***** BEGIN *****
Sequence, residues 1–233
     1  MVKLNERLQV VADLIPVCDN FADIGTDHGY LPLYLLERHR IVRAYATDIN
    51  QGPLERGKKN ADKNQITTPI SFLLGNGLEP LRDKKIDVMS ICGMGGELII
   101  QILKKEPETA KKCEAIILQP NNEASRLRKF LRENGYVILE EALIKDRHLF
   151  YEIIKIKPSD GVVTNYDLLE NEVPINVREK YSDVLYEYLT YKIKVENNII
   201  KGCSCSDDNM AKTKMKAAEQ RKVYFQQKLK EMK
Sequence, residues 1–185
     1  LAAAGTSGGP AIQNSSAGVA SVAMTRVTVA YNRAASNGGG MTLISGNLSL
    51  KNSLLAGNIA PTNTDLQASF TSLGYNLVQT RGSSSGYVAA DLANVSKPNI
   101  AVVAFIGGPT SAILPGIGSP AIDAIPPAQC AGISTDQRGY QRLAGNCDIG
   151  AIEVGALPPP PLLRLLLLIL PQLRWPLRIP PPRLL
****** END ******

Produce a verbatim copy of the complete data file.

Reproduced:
Sequence, residues 1–233
     1  MVKLNERLQV VADLIPVCDN FADIGTDHGY LPLYLLERHR IVRAYATDIN
    51  QGPLERGKKN ADKNQITTPI SFLLGNGLEP LRDKKIDVMS ICGMGGELII
   101  QILKKEPETA KKCEAIILQP NNEASRLRKF LRENGYVILE EALIKDRHLF
   151  YEIIKIKPSD GVVTNYDLLE NEVPINVREK YSDVLYEYLT YKIKVENNII
   201  KGCSCSDDNM AKTKMKAAEQ RKVYFQQKLK EMK
Sequence, residues 1–185
     1  LAAAGTSGGP AIQNSSAGVA SVAMTRVTVA YNRAASNGGG MTLISGNLSL
    51  KNSLLAGNIA PTNTDLQASF TSLGYNLVQT RGSSSGYVAA DLANVSKPNI
   101  AVVAFIGGPT SAILPGIGSP AIDAIPPAQC AGISTDQRGY QRLAGNCDIG
   151  AIEVGALPPP PLLRLLLLIL PQLRWPLRIP PPRLL